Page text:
Friday, January 27, 2017 by JD Heyes
The new narrative of the angry Left is that Donald J. Trump’s presidency is “not legitimate” because “the Russians hacked the election” and helped their chosen candidate win in November.
Not one single shred of proof has been offered by anyone to substantiate the insinuation that somehow, Mother Russia was able to manipulate balloting in key states (which would have been impossible to do); that Russia was behind the hacks of the DNC and the Clinton campaign; or that Russia turned over hacked data to WikiLeaks for release (a DNC insider actually took credit for that).
It is nonetheless clear to seasoned observers that some #nevertrump careerists within the IC are attempting to make it seem as though the proof exists so that they can undermine and thwart a president who has called them out for being political.
One such observer is controversial investigative journalist Glenn Greenwald, who, while at The Guardian, allowed himself to be used as a conduit to the public by Edward Snowden, the former NSA contractor who spilled the beans on the agency’s pervasive (and likely unconstitutional) domestic electronic surveillance programs.
Greenwald said he is seeing what he characterized as “obvious open warfare” between the two, while angry Left-wing Democrats – still smarting over Hillary Clinton’s loss to The Donald – were “openly calling for and cheering for the intervention of the CIA.” This is extremely out of character for a party that has historically been hostile towards the intelligence community. (RELATED: Stay current with all the news pertaining to the Trump administration at WhiteHouse.news)
In discussing allegations included in intelligence briefings alleging Trump’s Russian connections, along with certain sexual proclivities contained in a bogus “dossier,” Greenwald said that the angry Left was “hoping that this unelected faction in Washington will undermine and subvert and destroy the legitimacy of Donald Trump’s presidency … .”
And while all of this may seem like nothing more than petty politics, Greenwald assured viewers that it is very serious. “I think what you’re seeing is actually quite dangerous,” he said.
The investigative reporter went on to claim that it is very apparent that the CIA favored Clinton to win. And he noted that the intelligence community in general viewed Trump as nothing but a “threat to the CIA’s primary institutional priority of regime change in Syria.”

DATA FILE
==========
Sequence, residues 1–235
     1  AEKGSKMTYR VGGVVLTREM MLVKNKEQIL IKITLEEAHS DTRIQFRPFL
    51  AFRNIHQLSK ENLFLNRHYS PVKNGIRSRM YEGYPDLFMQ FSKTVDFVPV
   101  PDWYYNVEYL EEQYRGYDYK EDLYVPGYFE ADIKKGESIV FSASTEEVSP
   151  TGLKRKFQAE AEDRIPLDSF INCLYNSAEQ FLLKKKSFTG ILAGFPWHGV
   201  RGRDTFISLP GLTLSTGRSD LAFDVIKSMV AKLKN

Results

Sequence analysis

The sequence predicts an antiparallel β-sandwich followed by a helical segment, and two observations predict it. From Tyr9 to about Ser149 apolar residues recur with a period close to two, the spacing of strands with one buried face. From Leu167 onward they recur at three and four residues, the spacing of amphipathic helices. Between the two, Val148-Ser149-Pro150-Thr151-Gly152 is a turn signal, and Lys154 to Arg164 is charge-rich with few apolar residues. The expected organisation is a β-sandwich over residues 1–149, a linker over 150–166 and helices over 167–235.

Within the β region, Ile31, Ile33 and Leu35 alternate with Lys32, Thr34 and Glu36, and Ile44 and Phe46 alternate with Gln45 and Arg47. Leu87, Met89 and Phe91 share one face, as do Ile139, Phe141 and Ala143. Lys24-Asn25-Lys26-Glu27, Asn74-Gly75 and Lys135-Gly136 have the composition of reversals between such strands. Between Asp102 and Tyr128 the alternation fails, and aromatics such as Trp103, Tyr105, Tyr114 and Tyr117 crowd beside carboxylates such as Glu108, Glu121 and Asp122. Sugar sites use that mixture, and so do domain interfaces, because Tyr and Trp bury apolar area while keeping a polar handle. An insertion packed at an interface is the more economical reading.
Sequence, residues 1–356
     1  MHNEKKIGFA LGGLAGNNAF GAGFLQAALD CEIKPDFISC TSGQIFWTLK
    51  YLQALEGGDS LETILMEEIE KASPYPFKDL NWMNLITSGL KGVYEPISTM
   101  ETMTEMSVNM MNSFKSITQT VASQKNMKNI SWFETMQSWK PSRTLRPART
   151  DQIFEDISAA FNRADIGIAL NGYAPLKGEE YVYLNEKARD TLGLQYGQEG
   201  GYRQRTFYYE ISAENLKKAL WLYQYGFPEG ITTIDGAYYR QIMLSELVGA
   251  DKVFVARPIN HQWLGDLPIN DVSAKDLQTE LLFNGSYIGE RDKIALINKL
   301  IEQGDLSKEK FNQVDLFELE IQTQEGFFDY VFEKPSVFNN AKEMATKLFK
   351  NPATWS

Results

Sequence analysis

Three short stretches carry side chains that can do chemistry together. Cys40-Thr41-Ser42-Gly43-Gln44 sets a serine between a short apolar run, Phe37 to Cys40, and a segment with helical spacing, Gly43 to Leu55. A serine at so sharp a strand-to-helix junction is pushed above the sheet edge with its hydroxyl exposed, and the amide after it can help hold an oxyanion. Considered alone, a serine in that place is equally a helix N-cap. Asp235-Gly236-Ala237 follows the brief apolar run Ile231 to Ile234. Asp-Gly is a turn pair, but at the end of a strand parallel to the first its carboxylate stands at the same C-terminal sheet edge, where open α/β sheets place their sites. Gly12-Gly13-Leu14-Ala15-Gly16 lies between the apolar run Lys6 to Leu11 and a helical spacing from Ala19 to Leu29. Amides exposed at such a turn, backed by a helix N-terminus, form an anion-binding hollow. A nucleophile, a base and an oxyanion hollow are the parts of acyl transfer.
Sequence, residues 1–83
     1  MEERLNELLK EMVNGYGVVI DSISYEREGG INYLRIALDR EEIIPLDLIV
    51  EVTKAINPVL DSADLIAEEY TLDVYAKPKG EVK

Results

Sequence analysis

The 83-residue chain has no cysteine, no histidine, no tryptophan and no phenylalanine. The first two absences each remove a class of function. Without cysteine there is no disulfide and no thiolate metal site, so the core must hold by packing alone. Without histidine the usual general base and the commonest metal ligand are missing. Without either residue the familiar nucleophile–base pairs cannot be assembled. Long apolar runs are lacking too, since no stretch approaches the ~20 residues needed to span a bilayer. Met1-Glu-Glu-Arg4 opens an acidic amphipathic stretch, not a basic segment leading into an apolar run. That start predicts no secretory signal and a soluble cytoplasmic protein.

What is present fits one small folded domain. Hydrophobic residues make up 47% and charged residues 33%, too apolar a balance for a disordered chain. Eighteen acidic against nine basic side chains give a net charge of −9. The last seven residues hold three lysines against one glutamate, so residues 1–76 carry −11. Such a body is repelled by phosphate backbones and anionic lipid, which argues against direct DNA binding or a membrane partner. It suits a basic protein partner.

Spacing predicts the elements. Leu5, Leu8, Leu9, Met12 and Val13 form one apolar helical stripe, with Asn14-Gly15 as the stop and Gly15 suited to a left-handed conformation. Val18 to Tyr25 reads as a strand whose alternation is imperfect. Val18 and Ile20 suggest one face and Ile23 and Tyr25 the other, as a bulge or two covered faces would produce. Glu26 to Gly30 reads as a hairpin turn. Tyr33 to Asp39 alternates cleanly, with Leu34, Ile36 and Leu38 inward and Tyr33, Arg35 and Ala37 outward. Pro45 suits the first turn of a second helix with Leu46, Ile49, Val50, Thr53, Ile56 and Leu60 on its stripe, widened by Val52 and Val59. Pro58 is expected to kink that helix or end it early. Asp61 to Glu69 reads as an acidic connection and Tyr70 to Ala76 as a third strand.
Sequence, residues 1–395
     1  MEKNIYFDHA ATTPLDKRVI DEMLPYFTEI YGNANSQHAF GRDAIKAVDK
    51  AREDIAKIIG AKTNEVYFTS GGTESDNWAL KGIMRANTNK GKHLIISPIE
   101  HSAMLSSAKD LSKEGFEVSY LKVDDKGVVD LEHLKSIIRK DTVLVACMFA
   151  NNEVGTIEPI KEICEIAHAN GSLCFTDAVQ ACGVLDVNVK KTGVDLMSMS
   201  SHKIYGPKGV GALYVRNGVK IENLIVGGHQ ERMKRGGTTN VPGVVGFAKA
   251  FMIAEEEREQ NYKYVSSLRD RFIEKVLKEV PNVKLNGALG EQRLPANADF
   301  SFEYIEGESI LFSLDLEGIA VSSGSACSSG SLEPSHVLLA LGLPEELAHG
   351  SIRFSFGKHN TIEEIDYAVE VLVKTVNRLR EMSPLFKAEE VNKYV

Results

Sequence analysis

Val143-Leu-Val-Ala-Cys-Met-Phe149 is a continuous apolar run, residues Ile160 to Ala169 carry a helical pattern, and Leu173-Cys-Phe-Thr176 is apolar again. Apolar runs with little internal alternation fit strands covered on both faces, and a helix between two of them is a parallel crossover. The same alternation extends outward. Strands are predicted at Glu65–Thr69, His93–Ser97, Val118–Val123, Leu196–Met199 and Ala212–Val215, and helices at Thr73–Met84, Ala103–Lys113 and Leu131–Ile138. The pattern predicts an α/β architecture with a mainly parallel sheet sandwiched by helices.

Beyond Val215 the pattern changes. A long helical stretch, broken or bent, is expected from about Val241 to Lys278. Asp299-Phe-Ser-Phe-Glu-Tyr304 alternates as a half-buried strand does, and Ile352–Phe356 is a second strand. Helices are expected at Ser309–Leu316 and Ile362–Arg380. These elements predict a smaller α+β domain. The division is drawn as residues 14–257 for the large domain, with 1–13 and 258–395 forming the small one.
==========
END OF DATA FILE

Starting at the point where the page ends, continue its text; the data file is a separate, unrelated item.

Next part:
It’s obvious that such regime change is what the CIA wanted, because that’s the policy that Clinton pursued as secretary of state, on the instructions of Obama. But no one has said why President Bashar al Assad has to go, or why other Syrian rebel factions would be in the United States’ best interests – other than that Assad is a pal of Vladimir Putin’s.
“Beyond that,” Greenwald added, “Clinton wanted a much more confrontational and belligerent posture toward Moscow, which the CIA has been acrimonious with for decades, whereas Trump wanted better relations. I think they viewed Trump as a threat to their institutional preeminence, to their ability to get their agenda imposed on Washington.”
Trump’s laying down of the gauntlet with intelligence officials is simply not done; others have opined that Trump is essentially putting crosshairs on his presidency, if not literally then figuratively.
Intelligence officials, including former CIA Director John Brennan and former Director of National Intelligence James Clapper, have vehemently denied that leaks emanated from any intelligence agency – and they may not directly have come from the IC. But clearly, the information being leaked was intelligence, whether the IC did the leaking or it came from a political operative.
That is especially true of the “dossier,” which had been circulating around Washington media circles for months, but was never pursued before CNN and BuzzFeed reported on it, because none of it could be substantiated. Even the IC couldn’t do so, though it was included in briefings to Trump. (RELATED: All things Trump can be found at Trump.news)
It is clear that there is growing animosity between Trump and the intelligence community, and that rift is only likely to grow before it ever improves.